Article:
Sampson: In my opinion, I think this time and this moment is really unique and really revolutionary for Black-owned brands and I think through my lens, I see it as a form of appreciation. I’m greatly appreciative that brands and outlets such as yourself are giving us opportunities to even have a voice. And so, I definitely want to start there. But, I think for our brand it’s a little different because we have diversity across different channels. They understand that it’s not just for Black consumers. Of course, you are going to run up against the, “Oh, is it for me?” But, I think it’s actually the responsibility of the brands. And, this is coming with my marketing hat on because, at the end of the day, if you only show Black imagery then that’s how they’re going to recognize your brand. So, I think having that diversity in your imagery, in your marketing, and in your campaigns will help consumers and media outlets alike know that it’s not just for Black consumers or African-American consumers. I think there is responsibility for both—for outlets and for brands to make sure that their content is diverse—and that’s one of the things that I always enforce and reinforce with my team. Yes, our core is no doubt African-American women—professional women—but we have to make sure that we are speaking to different ethnicities and making sure that they know that we don’t just serve one particular customer. So, I feel as if there is a responsibility as a leader to make sure and communicate that. 

What’s your advice for other entrepreneurs that are trying to thrive in this pandemic-era market?

Sampson: I think as we experience growth it’s important to know what your values are as an individual and as a team. I think if you know what those values are as you start to grow, you won’t become distracted. For example, with us, one of our goals is to have humility—have humility towards our customers, have humility towards our peers, but more importantly, have humility as you grow. Because, at the end of the day, I truly believe as fast as you can grow or as big as you can grow, you can come down just as fast. So, it’s important throughout this journey that you remain humble because at the end of the day, you can rise and you can fall. That’s one of the values that I keep near and dear to my heart. I thank my peers. I thank my team. I thank my customers. I thank my suppliers. I thank my partners such as Orlando Airport because at the end of the day, they are entrusting my vision. They are entrusting that I’m going to deliver excellence and more importantly, I need the support of everyone to do that. I can’t do that by myself. So, that’s the advice that I would share. As you grow, make sure that you have a strong foundation. Make sure that you’re rooted in other things, other values other than money and at the end of the day, always be humble enough to say thank you and show the support to your village and to your community and to your partners who support you.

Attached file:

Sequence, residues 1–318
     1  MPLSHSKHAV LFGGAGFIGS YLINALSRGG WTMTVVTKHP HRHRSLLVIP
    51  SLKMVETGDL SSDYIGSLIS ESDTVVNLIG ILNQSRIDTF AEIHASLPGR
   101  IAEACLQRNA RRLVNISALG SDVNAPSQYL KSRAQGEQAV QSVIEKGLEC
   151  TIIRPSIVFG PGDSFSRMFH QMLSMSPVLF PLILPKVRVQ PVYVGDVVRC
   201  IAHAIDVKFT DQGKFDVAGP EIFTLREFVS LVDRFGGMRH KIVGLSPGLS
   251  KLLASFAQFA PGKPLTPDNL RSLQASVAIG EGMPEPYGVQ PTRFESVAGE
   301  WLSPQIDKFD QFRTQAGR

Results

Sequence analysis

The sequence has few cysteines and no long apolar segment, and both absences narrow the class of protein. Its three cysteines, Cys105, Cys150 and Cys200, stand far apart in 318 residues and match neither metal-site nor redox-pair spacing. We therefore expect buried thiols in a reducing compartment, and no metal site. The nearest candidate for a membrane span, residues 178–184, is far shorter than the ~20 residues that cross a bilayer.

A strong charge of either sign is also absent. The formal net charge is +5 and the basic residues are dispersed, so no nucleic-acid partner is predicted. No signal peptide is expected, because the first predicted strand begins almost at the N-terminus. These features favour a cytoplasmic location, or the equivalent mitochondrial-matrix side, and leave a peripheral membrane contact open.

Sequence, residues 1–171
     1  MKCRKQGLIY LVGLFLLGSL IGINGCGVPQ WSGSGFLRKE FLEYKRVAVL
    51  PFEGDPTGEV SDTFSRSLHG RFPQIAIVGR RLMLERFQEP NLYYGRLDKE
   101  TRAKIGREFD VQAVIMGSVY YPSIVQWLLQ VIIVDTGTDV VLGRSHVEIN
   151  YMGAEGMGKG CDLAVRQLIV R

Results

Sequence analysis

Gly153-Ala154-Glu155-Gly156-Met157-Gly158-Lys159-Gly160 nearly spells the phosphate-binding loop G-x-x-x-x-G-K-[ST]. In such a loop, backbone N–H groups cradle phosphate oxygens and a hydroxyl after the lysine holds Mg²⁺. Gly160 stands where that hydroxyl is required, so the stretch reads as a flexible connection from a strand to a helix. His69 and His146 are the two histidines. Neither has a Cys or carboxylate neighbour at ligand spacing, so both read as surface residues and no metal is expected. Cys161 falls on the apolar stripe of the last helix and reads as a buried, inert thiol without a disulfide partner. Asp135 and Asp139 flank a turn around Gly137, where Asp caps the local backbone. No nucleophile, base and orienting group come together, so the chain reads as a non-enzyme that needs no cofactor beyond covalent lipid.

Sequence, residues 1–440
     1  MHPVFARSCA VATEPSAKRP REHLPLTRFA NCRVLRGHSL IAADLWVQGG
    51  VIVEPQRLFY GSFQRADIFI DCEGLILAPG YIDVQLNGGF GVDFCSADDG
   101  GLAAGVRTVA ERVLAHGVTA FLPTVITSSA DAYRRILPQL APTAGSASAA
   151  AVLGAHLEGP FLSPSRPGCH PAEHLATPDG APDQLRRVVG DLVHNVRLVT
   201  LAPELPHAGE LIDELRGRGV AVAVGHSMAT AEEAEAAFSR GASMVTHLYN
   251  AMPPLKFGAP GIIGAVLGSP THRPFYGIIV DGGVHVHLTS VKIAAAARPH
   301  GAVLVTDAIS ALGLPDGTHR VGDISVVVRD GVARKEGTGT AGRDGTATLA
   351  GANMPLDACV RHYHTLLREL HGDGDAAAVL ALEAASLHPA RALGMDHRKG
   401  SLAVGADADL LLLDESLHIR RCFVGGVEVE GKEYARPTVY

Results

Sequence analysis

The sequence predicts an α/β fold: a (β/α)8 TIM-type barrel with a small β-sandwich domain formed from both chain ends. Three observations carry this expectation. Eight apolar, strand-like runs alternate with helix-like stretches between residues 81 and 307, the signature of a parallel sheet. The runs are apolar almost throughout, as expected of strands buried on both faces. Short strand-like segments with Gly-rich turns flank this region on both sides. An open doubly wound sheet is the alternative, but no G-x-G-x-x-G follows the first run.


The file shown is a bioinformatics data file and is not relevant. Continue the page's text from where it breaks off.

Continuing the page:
Interview has been edited for length and clarity. 

To learn more about Canviiy, be sure to follow @canviiy on Instagram. 

Camille Nzengung
Camille Nzengung
Camille Nzengung is a Features Editor, based in Georgia, covering all things hair at The Tease. You can find her writing about the best hair products, the coolest hair trends, and all the exciting new hair launches.